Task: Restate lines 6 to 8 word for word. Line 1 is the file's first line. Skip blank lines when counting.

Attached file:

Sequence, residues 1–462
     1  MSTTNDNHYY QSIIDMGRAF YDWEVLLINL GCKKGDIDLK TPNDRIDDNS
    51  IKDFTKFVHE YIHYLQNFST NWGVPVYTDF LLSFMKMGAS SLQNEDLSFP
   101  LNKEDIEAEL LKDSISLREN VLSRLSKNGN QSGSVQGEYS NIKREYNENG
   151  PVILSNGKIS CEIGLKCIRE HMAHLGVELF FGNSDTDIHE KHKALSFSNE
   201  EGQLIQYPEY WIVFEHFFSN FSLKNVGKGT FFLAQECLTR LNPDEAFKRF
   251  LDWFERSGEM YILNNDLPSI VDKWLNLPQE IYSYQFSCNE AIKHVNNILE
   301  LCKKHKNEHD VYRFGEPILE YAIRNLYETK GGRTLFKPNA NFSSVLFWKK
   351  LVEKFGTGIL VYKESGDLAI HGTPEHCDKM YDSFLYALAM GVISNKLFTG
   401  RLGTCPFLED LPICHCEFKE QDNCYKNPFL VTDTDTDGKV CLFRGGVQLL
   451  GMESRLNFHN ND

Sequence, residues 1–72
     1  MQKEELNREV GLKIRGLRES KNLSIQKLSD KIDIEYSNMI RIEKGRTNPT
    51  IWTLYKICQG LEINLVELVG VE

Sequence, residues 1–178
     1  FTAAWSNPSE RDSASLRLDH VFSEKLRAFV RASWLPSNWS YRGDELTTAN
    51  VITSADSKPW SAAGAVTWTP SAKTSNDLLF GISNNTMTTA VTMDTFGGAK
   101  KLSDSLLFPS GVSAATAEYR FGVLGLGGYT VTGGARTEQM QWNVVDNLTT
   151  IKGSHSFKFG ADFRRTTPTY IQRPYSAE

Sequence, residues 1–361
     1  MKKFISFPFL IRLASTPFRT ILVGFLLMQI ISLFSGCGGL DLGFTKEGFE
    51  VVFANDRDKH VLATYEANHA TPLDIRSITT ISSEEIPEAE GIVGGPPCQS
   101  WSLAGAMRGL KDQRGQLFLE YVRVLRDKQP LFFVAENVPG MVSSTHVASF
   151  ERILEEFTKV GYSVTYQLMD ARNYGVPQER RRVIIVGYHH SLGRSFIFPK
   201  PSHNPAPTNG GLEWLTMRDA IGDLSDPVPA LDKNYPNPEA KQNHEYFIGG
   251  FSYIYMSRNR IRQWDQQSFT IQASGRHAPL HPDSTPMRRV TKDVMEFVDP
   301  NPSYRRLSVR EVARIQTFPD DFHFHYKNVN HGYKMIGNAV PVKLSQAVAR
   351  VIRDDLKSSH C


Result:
   201  EGQLIQYPEY WIVFEHFFSN FSLKNVGKGT FFLAQECLTR LNPDEAFKRF
   251  LDWFERSGEM YILNNDLPSI VDKWLNLPQE IYSYQFSCNE AIKHVNNILE
   301  LCKKHKNEHD VYRFGEPILE YAIRNLYETK GGRTLFKPNA NFSSVLFWKK